Miller, Brenda A.
In Women and Alcohol: Issues for Prevention Research
pgs. 239-259 , Washington, D.C.: U.S. Government Printing Office (1996)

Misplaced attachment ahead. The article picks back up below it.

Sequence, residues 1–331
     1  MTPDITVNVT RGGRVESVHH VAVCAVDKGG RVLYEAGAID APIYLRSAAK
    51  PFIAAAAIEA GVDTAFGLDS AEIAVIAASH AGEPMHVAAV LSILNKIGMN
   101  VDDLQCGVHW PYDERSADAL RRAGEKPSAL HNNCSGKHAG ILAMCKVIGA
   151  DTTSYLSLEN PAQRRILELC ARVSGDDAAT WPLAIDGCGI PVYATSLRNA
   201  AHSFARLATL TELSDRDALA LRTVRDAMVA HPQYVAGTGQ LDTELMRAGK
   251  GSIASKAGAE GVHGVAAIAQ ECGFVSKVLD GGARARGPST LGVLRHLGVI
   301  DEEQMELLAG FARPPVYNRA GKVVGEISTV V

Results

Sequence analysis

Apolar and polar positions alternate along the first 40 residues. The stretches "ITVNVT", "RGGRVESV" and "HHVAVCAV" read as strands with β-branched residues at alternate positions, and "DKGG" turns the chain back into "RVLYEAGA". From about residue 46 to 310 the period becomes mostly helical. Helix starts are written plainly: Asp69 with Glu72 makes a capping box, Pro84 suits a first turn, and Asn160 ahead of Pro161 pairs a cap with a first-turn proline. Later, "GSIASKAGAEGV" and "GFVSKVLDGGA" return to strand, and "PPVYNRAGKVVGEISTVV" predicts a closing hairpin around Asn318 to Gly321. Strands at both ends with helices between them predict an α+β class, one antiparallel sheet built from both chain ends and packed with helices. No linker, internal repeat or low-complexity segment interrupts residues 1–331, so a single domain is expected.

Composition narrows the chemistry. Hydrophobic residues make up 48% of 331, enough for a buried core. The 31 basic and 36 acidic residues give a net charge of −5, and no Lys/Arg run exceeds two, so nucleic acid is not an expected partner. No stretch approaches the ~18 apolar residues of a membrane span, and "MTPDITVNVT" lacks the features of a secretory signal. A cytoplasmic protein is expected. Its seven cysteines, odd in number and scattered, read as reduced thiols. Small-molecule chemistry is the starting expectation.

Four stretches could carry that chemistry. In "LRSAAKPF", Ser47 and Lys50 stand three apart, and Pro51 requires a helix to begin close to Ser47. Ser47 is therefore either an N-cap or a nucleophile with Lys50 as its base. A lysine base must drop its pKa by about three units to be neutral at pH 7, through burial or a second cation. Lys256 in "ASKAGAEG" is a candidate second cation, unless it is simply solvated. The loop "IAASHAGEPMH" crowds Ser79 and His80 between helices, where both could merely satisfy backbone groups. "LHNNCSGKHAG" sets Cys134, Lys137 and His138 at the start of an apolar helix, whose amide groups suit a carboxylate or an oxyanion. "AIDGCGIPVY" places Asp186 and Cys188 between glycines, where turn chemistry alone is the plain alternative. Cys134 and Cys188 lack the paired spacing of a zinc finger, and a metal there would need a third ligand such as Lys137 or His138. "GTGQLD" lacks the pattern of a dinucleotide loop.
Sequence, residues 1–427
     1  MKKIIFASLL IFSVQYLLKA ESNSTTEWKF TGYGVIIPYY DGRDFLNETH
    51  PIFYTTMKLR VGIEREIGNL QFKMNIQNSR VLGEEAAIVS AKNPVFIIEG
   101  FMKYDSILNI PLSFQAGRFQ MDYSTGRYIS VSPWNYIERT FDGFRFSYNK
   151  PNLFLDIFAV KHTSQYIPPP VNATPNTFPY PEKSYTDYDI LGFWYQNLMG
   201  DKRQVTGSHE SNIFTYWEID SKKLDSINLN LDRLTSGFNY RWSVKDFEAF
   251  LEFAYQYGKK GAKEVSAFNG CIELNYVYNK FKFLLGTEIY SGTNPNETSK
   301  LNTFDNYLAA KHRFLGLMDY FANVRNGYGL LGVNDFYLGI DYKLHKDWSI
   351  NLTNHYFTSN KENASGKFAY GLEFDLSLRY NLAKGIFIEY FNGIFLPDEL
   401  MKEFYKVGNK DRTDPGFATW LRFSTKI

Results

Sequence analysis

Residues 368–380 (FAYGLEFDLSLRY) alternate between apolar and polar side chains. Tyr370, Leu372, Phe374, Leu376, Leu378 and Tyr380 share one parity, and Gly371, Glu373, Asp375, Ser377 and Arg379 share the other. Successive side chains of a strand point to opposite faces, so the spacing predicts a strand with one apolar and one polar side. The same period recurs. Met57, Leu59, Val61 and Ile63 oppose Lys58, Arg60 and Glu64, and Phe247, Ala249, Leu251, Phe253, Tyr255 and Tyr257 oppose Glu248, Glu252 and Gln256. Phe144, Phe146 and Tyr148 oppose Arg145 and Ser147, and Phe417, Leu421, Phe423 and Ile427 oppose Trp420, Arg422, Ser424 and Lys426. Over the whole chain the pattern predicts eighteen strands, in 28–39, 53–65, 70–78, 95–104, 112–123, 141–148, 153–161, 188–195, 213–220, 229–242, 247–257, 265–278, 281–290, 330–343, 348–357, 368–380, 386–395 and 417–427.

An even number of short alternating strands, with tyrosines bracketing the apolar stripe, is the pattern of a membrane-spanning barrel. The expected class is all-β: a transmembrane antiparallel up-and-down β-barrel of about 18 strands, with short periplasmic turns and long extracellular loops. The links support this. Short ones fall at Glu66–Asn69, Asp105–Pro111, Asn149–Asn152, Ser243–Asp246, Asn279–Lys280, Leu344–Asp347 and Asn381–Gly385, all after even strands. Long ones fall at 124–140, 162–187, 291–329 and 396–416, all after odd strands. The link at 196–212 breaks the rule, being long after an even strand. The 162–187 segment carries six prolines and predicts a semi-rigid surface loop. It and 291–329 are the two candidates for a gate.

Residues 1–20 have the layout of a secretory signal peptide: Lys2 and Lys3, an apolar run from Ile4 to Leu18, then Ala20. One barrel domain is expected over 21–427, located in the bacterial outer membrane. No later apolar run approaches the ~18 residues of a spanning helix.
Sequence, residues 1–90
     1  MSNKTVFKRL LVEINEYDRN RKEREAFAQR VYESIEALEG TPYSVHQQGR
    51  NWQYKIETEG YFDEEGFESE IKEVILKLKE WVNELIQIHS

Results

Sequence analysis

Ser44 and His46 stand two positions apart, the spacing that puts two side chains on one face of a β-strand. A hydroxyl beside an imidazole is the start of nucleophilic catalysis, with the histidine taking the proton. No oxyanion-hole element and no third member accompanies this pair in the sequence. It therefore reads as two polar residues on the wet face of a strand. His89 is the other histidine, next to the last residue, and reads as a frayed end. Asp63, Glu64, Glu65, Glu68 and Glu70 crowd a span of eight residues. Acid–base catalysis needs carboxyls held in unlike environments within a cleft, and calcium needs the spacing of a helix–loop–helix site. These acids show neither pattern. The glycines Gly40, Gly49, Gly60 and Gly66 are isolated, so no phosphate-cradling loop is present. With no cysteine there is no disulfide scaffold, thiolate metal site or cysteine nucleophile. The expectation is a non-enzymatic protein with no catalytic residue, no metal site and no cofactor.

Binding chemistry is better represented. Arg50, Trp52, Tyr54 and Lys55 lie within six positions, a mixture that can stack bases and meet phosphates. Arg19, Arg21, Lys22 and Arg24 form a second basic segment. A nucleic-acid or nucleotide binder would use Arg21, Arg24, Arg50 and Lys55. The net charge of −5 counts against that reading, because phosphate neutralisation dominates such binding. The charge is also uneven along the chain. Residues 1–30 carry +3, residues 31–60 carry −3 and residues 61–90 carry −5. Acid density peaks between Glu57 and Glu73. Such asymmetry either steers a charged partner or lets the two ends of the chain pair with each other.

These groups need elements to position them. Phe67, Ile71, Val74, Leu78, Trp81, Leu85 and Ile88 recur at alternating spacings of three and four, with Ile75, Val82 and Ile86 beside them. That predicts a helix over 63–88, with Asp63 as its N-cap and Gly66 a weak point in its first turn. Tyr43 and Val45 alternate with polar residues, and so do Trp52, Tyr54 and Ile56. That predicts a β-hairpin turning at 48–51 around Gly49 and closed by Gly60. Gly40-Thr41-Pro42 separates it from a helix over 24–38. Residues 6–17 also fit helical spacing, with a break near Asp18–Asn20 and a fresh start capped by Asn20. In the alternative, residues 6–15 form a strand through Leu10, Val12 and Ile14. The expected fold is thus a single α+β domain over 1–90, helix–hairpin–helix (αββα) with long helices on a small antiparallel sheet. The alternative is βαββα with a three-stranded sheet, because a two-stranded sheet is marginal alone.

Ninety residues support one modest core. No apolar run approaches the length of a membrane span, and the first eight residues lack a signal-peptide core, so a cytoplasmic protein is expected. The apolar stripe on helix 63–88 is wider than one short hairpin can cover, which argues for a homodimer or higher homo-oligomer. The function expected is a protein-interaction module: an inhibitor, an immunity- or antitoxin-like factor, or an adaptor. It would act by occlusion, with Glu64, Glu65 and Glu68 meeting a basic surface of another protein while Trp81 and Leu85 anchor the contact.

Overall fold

Editor(s): Howard, J.M.; Martin, S.E.; Mail, P.D.; Hilton, M.E.; and Taylor, E.D.This chapter explores both directions of the association between women's alcohol use and women's violent victimization. (However, the nature of the link between the perpetrator's use of alcohol and women's violent victimization is a separate issue and is not discussed here.) The types of victimization experienced by women often differ substantially from those experienced by men: Family violence and violence within intimate relationships provide the context for most women's victimization experiences, while for men, male-to-male aggression in non-intimate contexts is more common. To provide a framework for examining the research to date, this chapter first outlines conceptual and methodological issues. Next, it examines research that has specifically addressed the connections between women's alcohol use and their victimization; it then explores various factors at the individual level and at the larger sociocultural level that may influence or explain these relationships. Finally, using the most promising directions identified in the existing literature, this chapter suggests future research directions and implications for prevention efforts.